On 7th September, I wrote about rumours that Lord Browne will recommend increasing the tuition fee cap and critiqued a lazy and misleading piece of research by the NUS. Having asked current students whether they would be deterred from studying again if fees were £7,000 per year, the NUS unveiled the shocking 'truth' that approximately 70 per cent would be put off.
I shan't go over the failings of the NUS research again as you can read them in my previous post and in a similar article on ConservativeHome; perhaps I was too strident in my criticism at points but I maintain that the NUS is deliberately pulling the wool over the eyes of the public and policymakers by publishing such figures and calling them facts.
It is heartening, therefore, to read this morning a press release from the University of Leicester, who have commissioned some research from OpinionPanel into the same subject. This vastly more robust research rubbishes the NUS survey by revealing that barely 10 per cent of students would be put off my fees of £7,000 and very few more at £10,000.
OpinionPanel have a bit of a chequered history in this area, having been guilty of a poorly executed bit of pricing analysis at the beginning of this year. Nonetheless, despite not being able to gain access to the data and research criteria itself, it does seem that this latest research is sound, in particular because they have asked applicants not current or former students.
Leicester and OpinionPanel say that higher tuition fees will not kill demand for degrees but many universities will be forced to compete on price. This is something that I and others in the industry have been saying for some time. As long ago as March 2009, Universities UK were saying that fees of £5,000 would create negligible loss in demand and up to £7,000, a market of variable fees would begin to appear as demand became more elastic. These £5,000 and £7,000 price tags have become ready reference points for the debate about tuition fees and the Leicester/OpinionPanel research does not depart from the theme.
Leicester's Director of Marketing & Communications, Richard Taylor, said: "The findings of this survey make it clear that if the cap on tuition fees is lifted much higher than £5,000 per year, many universities will find it difficult to maintain their share of preferences from prospective students unless they charge less than the maximum."
It is from these natural, mark-driven variations of demand that variable prices will derive, if universities are permitted them.
The research confirms my assertion that higher tuition fees should not scare students off as long as there are sufficient bursaries and scholarships available and clearly advertised. Leicester's Vice-Chancellor, Professor Sir Bob Burgess, maintains that what is vital is "a comprehensive system of bursaries and scholarships to ensure that students from poorer backgrounds or families with little or no experience of higher education are not disadvantaged." This is crucial and I am confident that Lord Browne's report will contain significant recommendations for reform in this area.
In addition, the 'flight to quality' referred to in the Leicester/OpinionPanel research is based overwhelmingly on the prestige of the institution and course and not on factors like the National Student Satisfaction (NSS) survey. This is a blow to 'middling' universities like the University of Leicester that, although good and occasionally brilliant institutions, cannot compete with the likes of Oxbridge or other ancients and red-bricks in terms of history or reputation.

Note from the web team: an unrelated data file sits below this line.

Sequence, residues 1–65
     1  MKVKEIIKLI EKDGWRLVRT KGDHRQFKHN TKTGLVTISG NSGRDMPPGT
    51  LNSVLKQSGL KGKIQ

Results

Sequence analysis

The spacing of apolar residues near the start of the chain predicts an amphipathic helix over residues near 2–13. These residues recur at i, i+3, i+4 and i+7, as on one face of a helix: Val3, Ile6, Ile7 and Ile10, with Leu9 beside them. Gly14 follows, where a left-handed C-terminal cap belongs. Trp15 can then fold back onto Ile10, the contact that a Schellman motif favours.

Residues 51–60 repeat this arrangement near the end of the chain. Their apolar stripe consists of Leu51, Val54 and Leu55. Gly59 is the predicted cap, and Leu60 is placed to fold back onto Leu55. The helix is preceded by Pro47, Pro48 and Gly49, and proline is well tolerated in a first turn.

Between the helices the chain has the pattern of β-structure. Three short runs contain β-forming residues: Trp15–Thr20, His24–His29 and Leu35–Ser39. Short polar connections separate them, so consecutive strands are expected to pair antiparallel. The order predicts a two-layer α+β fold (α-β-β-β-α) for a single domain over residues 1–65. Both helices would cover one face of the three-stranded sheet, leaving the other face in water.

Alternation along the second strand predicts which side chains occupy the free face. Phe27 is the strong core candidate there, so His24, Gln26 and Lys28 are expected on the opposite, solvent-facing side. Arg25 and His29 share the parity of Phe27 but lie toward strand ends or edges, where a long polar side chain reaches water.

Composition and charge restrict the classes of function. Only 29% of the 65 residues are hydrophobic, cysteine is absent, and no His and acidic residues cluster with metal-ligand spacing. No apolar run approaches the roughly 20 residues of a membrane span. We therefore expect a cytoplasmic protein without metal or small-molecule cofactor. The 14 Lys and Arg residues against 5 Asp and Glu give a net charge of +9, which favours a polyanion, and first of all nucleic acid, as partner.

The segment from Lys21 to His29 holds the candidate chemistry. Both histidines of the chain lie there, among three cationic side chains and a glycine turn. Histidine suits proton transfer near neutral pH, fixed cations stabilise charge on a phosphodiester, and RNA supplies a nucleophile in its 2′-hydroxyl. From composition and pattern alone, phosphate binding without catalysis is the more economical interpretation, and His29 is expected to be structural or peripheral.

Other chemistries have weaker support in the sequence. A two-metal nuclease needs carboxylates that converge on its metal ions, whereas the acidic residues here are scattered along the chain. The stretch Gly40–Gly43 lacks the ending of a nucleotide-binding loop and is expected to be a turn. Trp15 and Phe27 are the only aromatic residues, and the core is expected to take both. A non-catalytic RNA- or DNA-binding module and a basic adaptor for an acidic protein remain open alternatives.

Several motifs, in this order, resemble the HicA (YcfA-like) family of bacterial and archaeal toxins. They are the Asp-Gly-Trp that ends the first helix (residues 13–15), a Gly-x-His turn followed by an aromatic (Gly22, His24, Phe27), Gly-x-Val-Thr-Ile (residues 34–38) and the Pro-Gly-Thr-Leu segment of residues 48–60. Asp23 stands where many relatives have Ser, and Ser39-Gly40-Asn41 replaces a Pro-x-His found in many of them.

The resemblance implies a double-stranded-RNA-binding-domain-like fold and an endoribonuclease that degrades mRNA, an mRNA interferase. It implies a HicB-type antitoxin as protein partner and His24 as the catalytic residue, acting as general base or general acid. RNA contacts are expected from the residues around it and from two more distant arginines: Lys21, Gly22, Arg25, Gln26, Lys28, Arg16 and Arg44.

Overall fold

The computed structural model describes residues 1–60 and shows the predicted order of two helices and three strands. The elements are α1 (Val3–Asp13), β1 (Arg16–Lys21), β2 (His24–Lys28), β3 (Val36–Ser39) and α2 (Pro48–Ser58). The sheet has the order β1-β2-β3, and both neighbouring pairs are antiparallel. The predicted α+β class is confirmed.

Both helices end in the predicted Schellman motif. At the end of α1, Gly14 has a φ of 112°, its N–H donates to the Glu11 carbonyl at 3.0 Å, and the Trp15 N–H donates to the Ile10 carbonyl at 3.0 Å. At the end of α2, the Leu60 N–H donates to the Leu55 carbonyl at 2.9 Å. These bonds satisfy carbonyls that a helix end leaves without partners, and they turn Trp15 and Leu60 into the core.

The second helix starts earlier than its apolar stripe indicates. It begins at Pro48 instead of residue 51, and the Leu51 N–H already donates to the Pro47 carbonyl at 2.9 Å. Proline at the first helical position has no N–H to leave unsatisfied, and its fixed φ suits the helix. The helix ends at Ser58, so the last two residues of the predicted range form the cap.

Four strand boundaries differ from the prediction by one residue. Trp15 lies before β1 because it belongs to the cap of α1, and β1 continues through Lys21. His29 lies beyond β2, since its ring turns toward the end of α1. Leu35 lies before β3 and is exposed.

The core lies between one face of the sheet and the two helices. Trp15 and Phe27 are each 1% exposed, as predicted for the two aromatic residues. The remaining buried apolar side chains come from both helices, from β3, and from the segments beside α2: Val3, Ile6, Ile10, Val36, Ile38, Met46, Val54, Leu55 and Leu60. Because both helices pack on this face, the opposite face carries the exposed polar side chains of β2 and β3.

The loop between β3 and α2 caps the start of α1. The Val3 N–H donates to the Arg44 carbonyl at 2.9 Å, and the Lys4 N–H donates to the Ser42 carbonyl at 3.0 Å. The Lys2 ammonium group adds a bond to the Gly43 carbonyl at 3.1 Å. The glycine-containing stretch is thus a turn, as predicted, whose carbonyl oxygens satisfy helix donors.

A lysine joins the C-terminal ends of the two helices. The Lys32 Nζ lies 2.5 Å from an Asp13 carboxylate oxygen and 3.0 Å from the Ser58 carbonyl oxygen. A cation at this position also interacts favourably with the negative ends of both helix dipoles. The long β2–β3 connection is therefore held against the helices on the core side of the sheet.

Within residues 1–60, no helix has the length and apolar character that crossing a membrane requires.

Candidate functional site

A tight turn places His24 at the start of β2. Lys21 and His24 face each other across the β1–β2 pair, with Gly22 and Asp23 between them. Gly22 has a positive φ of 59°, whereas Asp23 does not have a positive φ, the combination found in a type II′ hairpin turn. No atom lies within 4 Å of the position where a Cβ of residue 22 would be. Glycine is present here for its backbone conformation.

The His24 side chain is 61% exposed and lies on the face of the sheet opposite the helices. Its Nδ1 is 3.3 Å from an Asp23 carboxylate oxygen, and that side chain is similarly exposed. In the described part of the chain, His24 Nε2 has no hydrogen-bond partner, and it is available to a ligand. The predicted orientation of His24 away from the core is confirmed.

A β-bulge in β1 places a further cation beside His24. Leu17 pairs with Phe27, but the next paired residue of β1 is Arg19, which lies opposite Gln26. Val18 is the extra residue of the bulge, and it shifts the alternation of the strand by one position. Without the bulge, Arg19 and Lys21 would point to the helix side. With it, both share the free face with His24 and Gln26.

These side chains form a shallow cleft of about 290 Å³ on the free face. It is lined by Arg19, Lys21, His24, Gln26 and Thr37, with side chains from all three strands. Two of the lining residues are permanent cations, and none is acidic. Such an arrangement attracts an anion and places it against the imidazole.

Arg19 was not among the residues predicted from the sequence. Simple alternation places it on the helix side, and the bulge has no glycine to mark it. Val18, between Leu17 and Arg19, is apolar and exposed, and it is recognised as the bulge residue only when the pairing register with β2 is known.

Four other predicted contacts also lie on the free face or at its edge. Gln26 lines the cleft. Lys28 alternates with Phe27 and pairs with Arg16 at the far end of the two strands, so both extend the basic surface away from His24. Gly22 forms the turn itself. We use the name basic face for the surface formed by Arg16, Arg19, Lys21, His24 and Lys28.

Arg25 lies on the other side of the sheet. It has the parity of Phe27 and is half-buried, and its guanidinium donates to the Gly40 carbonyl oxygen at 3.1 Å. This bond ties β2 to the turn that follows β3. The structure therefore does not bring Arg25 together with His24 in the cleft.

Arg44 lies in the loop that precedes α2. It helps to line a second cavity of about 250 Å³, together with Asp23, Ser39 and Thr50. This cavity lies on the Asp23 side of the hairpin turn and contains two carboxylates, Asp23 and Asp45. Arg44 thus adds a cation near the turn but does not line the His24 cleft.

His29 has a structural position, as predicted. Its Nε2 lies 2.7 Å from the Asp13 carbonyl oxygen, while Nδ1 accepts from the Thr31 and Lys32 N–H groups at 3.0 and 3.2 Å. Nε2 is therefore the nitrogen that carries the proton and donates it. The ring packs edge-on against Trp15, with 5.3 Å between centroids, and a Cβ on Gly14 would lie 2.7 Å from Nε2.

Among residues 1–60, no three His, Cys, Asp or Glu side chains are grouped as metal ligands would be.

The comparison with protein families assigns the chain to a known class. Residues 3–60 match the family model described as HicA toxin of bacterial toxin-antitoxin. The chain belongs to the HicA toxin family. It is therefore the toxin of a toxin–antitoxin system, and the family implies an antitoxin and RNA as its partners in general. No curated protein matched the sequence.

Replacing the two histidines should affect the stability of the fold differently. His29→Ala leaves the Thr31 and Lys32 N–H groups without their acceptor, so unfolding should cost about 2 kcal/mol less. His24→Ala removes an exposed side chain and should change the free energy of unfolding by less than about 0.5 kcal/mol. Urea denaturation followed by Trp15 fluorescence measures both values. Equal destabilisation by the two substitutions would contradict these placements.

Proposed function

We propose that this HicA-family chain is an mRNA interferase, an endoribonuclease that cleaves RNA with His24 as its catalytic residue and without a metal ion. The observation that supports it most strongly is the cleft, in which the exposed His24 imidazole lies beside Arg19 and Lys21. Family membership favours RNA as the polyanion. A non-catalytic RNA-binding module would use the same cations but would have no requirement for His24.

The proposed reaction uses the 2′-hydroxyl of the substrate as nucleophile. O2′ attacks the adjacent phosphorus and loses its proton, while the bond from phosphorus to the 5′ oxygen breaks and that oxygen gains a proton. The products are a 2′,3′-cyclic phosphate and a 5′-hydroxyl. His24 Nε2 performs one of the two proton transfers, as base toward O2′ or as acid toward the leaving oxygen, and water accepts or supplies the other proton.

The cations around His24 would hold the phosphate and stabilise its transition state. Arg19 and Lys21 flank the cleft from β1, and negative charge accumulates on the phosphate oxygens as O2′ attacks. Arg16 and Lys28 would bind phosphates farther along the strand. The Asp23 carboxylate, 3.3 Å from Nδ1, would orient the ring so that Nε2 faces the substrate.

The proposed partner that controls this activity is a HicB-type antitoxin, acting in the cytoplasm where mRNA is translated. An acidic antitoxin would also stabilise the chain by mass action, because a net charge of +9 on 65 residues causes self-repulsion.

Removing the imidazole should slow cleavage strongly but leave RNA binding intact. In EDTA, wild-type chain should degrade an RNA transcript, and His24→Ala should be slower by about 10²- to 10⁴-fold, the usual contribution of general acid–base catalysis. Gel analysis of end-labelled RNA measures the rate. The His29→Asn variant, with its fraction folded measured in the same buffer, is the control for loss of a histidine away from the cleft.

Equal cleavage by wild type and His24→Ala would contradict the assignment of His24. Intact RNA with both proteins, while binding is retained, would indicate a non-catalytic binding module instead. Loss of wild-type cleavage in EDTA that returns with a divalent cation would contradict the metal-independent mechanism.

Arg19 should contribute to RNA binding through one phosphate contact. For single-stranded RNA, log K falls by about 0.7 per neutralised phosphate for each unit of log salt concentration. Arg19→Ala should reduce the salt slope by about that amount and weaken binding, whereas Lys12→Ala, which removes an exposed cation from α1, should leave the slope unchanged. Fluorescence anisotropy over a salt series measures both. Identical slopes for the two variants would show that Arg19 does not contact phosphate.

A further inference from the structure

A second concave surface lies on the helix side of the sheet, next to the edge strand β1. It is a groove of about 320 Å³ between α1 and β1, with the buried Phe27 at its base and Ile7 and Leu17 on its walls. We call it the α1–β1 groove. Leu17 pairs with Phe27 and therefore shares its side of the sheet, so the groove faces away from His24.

The Russell Group universities will be raising their dusty, donnish eyebrows with joy at this revelation as it virtually presents them with a blank cheque, knowing that demand for them is relatively price inelastic. Furthermore, these older, research-intensive universities have an oligarchich control over medical schools in this country, which this report highlights as the most immune to fee increases.
Some hope for the less prestigious, newer universities lies in the fact that several of them possess world-class niche expertise. If they can demonstrate this well enough to the market then the most premium price tags should not be out of their reach, even if lesser courses will have to be reduced relatively in price or dropped entirely.
For instance, the University of Leiceter's School of Management is ranked 2nd in the country for business and management studies - second only to Oxford. Even relatively lowly institutions like the University of Worcester, ranked outside the top 100 universities, possess USPs such as the the National Pollen and Aerobiology Research Unit (NPARU), from which all of the UK's pollen forecasts are generated.
In summary, the Leicester/OpinionPanel research sends out two chief messages.
First, higher tuition fees (backed up by well advertised scholarships and bursaries) will not deter potential students in their hundres of thousands, as much as the NUS would like us to believe. That trades union has assumed a mantel of extreme intransigence and arrogance on the issue, unwilling to countenance even a shred of evidence contrary to their stance. The response by the University of Leicester's Student Union to the research did not address the findings head-on in any way; instead their spokesperson trotted out the politburo line about student debt.
Secondly, higher fees will necessitate a market in higher education if institutions outside of the most prestigious elite are to survive as independent, valued universities of expert study and research. Raising the cap to £7,000 or more will be futile if universities are not allowed to vary fees across courses. Only in this way can they stand out from the crowd and let their core expertise shine.
After all, the University of Worcester is never going to send forth the country's finest history graduates. But it might work out how to save our honey bees.